We get it—shredding cheese from a block is a real pain in the rear.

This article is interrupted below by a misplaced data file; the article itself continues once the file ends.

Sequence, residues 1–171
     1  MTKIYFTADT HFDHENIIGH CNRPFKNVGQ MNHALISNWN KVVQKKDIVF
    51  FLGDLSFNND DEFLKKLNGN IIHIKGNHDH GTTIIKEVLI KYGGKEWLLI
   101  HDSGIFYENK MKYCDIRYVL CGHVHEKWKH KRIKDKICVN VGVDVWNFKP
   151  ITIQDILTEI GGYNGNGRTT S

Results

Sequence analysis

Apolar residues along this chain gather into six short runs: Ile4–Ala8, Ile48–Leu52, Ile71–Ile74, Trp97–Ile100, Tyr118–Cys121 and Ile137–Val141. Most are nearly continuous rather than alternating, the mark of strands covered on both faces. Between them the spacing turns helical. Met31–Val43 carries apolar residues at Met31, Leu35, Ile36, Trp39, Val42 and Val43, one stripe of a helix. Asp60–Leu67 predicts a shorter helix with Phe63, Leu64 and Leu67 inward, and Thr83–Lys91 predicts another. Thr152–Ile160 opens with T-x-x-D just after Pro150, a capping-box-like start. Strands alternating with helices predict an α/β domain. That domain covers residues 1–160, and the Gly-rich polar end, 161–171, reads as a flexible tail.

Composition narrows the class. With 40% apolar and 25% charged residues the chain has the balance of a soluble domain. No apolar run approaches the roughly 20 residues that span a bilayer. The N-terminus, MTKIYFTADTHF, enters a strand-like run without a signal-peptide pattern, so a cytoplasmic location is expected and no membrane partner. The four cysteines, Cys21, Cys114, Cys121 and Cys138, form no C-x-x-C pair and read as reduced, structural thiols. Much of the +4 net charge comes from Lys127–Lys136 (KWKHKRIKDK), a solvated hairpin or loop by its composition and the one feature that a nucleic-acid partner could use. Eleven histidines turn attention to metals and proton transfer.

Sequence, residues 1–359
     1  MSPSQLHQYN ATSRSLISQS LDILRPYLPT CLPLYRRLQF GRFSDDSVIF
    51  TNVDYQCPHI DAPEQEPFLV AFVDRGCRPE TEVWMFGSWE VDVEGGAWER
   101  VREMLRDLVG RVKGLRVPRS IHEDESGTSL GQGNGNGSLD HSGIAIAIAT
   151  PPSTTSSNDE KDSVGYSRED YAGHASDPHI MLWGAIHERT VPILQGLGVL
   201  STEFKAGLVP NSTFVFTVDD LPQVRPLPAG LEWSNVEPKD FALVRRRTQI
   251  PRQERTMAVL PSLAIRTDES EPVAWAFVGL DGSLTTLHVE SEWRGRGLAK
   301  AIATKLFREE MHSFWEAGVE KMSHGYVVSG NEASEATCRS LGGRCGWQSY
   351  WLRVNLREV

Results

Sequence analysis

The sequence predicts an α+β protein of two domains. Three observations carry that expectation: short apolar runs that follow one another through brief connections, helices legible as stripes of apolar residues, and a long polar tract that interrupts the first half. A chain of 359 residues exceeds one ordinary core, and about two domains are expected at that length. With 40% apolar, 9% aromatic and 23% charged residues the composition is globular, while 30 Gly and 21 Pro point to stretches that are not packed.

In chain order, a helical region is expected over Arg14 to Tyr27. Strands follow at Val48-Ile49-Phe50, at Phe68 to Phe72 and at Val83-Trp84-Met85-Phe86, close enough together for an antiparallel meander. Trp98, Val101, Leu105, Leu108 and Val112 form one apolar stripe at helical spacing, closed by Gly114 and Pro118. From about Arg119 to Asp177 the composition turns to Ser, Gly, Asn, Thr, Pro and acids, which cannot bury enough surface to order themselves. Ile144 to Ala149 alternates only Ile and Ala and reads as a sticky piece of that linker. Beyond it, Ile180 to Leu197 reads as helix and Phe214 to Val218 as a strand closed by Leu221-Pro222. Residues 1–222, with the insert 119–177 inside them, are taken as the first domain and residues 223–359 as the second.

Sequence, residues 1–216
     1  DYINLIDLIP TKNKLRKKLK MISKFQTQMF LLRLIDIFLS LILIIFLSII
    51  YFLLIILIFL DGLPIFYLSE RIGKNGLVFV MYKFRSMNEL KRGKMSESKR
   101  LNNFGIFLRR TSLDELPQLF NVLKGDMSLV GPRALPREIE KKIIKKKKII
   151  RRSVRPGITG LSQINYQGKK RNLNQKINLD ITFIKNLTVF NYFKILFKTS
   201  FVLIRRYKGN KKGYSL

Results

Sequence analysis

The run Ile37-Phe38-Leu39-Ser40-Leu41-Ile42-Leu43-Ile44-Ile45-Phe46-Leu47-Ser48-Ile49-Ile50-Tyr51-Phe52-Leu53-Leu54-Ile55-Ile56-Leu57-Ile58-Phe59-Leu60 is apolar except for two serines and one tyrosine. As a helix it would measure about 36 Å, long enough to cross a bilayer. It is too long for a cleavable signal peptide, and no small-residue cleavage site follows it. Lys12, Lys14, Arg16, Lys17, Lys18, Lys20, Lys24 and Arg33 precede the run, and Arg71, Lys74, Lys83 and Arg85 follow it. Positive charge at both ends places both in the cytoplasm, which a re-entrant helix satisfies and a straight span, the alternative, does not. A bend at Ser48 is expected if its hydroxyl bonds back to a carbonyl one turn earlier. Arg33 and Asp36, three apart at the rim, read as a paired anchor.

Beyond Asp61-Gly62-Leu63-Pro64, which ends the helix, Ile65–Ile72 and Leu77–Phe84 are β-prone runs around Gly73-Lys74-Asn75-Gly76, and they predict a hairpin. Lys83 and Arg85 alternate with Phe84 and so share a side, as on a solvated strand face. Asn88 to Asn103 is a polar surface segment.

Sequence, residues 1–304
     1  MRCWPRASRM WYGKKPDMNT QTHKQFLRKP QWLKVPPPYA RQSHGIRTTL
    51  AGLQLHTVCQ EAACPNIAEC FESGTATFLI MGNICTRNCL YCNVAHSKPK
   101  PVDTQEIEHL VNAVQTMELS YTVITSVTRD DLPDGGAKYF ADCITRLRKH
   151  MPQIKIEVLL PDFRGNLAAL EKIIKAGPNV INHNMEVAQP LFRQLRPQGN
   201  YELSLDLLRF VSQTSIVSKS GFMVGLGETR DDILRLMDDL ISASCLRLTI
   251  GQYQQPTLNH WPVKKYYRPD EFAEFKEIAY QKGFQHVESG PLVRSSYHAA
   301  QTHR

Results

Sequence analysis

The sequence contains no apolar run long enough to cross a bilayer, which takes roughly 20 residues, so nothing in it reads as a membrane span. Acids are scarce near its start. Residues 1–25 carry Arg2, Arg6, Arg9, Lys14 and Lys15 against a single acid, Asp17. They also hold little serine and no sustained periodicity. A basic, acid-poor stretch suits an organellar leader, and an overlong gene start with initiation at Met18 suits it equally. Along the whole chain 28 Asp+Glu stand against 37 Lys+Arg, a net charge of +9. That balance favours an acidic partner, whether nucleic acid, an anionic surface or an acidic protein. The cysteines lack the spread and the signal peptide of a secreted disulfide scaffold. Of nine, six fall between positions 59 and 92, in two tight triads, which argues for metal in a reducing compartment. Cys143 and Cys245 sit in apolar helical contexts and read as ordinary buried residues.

So when a recipe calls for a cup or two of shredded cheese, it seems a lot easier to pick up a bag of it and call it a day. But trust us—that bag of cheese may seem convenient, but it's absolutely destroying your recipes. Why? Because there's a hidden ingredient in it that's causing your recipes to cook very differently. The secret ingredient in your shredded cheese Have you ever wondered why the cheese in the bag always comes out beautifully, but when you shred fresh cheese it constantly clumps together? That's because of cellulose. Cellulose is used to coat the shredded cheese in order to keep the cheese from sticking to each other. If you look at the ingredients on your bag of shredded cheese, you'll probably see cellulose listed on there. The cellulose will dehydrate the moisture out of the shredded cheese to help it last longer and not stick together. However, there are some shredded cheeses that simply say "anti-caking blend" which is made up of potato starch, cornstarch, calcium sulfate, and natamycin (which prevents your cheese from going moldy quickly). Even if your anti-caking blend doesn't have cellulose, calcium sulfate is clearly used in it, which is actually commonly used to make ground cement and making tiles. Do you really want that in your cheese? How it differs from a block of cheese A block of cheese, on the other hand, doesn't have any of these wonky ingredients. It will be made of pasteurized milk, cheese culture, salt, enzymes (used to separate milk into a solid curd), and any other added ingredients for flavor—like red and green jalapeno peppers in a classic block of pepper jack. Next time you're in the store, do an ingredient comparison yourself! Pick up your usual bag of shredded cheese and a block of that same kind of cheese and take a look at the ingredients. Notice any differences? Yes, it sure is convenient to have a bag of shredded cheese that doesn't stick together and lasts a long time in the fridge, but it's absolutely horrendous for your recipes, simply because of whatever anti-caking agent is used. Here's how to store cheese the proper way. How shredded cheese ruins recipes Think about it for a minute: If cellulose (or another anti-caking agent) is used to keep the shredded cheese from sticking together, then wouldn't it be hard for the shredded cheese to melt properly and give you the consistency you desire? That cellulose is going right into your dish, creating an undesirable texture for that cheesy homemade mac&cheese (especially if you're trying one of these 13 Delicious Ways to Upgrade Your Mac and Cheese). Instead of being creamy with long stringy pieces of cheese, the texture of your cheese sauce will be separated. Now obviously not all of your dishes will be ruined because of this anti-caking agent. Shredded cheese is great to have as a topping for some of those quick dishes you make—like classic beef tacos or scrambled eggs. But if you're going to take the time to make a homemade cheesy cauliflower mac or a gorgeous plate of nachos, don't settle for the bagged stuff. Take the time to actually shred a block of cheese so your dish can have that cheesy texture you really want.